Do not hide behind such superficialities as whether you should or should not give a dime to a beggar. That is not the issue. The issue is whether you do or do not have the right to exist without giving him that dime. The issue is whether you must keep buying your life, dime by dime, from any beggar who might choose to approach you. The issue is whether the need of others is the first mortgage on your life and the moral purpose of your existence. The issue is whether man is to be regarded as a sacrificial animal. Any man of self-esteem will answer: “No.” Altruism says: “Yes.”

“Faith and Force: The Destroyers of the Modern World,”


Seattle March 24, 2011 at 12:28 pm

Fiat justitia, pereat mundus.

roy March 24, 2011 at 12:40 pm

Fiat iustitia ne pereat mundus

Seattle March 24, 2011 at 12:50 pm

What I said was indeed what I meant. It’s stupid to stick to a principle regardless of that principle’s consequences.

RS March 24, 2011 at 1:09 pm

And I too meant what I said but perhaps the meaning was lost so I will elaborate.

Any estimation of consequences, stupid/smart, good/bad, right/wrong, rational/irrational, constructive/destructive etc. also requires the application of a standard or principle so your argument is circular. it smuggles the presumption of a principle into the argument but fails to ever name it so the lack of a principle means that whatever happens to satisfy the expediency of the immediate moment with never a care for what happens next.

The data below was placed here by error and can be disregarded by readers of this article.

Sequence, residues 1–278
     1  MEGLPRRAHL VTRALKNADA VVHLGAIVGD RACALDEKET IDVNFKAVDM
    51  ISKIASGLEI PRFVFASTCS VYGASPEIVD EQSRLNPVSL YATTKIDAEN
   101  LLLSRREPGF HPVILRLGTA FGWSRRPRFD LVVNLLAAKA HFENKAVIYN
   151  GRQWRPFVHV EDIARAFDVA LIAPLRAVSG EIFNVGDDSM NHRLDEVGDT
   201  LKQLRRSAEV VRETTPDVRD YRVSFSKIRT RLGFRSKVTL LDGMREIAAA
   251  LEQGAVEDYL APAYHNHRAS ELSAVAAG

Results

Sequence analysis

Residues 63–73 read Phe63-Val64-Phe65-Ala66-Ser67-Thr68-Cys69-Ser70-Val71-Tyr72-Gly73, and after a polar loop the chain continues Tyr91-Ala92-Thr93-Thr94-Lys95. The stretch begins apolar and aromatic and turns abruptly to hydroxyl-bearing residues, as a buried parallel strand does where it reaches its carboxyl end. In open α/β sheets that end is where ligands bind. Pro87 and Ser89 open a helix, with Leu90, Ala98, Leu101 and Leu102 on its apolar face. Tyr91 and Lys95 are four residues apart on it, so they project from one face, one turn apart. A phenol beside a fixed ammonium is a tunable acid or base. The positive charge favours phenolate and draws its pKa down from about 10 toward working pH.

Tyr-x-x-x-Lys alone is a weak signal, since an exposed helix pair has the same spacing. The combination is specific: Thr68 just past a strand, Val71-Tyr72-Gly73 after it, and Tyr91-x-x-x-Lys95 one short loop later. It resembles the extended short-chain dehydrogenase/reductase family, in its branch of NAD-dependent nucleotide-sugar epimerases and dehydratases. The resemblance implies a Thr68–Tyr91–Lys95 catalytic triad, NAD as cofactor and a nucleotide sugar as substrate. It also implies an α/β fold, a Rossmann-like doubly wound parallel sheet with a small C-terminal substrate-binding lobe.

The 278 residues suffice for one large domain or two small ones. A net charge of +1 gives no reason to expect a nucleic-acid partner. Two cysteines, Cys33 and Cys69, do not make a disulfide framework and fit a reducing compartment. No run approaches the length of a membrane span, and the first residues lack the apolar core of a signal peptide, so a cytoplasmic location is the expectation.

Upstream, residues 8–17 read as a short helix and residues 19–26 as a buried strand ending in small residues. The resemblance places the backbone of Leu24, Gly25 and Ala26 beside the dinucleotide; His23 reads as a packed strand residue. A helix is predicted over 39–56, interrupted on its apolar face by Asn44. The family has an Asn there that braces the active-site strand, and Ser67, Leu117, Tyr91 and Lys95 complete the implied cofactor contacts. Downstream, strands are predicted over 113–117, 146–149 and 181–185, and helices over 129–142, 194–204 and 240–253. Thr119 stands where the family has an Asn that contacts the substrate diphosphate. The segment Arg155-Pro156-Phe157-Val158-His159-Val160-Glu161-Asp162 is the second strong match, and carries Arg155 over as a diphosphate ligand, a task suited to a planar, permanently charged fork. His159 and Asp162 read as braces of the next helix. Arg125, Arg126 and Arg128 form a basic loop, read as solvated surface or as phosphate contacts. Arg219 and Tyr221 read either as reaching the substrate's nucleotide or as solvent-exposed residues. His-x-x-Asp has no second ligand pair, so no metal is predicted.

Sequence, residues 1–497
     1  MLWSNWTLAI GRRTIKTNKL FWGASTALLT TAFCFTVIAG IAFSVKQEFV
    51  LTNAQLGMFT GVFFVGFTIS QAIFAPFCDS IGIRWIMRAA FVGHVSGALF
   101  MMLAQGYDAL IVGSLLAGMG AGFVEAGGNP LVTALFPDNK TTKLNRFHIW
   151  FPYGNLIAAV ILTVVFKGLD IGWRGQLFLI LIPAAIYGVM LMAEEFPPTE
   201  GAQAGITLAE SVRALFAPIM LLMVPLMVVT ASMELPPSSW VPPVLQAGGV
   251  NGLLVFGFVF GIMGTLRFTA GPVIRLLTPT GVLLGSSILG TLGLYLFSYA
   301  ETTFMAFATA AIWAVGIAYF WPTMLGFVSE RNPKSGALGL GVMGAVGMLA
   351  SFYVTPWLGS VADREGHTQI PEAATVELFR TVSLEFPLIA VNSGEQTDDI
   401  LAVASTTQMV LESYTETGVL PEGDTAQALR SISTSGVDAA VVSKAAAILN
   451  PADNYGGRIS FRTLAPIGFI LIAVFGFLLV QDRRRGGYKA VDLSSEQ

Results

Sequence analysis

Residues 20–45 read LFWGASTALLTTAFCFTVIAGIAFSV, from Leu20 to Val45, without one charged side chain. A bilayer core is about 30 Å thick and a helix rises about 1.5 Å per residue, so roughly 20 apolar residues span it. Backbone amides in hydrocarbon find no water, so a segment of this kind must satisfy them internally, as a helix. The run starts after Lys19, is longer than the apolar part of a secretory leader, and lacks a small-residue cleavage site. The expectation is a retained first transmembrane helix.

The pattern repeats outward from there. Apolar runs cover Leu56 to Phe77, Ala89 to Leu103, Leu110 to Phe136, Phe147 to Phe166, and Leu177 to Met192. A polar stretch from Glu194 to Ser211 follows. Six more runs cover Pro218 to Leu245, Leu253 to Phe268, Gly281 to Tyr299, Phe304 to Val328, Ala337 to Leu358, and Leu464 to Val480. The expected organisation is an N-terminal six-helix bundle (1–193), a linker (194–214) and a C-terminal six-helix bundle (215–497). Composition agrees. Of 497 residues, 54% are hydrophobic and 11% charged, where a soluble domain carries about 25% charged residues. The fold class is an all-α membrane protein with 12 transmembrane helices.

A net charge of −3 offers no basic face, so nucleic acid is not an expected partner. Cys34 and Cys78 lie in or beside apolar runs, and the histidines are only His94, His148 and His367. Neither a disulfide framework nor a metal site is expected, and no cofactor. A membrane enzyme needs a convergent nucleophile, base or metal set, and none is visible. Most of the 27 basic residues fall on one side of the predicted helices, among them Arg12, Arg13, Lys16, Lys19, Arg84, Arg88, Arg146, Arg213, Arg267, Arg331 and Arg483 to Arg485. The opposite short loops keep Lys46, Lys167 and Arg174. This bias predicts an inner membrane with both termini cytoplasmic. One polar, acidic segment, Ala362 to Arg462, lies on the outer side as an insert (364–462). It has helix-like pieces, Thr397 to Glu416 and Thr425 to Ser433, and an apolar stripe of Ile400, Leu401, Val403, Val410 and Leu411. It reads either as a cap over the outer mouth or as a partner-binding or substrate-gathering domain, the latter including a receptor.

Seattle March 24, 2011 at 1:44 pm

Not quite what I meant. Let’s take the example of capitalism.

I think we both agree, in this universe, capitalism’s consequences are good. Let’s imagine an alternate universe where capitalism’s consequences are purely bad, and where socialism actually does work.

In this alternate universe, do the people living in it still have the moral imperative to institute capitalism over socialism? Of course not.

Altruism and selfishness are ultimately means. It’s the ends they accomplish that are important.

RS March 24, 2011 at 2:28 pm

@ Seattle

“Altruism and selfishness are ultimately means. It’s the ends they accomplish that are important.”

This conflates ends and means. It reverses purpose and action. A “mean” is only defined within a context of an “end”, a mean without an end is a purposeless act, an act based on whim not on purpose so a “mean” outside of that context is a floating abstraction.

Consider what you mean by “work”, such an estimation requires an end which you estimate a concrete (capitalism) against to establish if it advanced or frustrated the ultimate goal.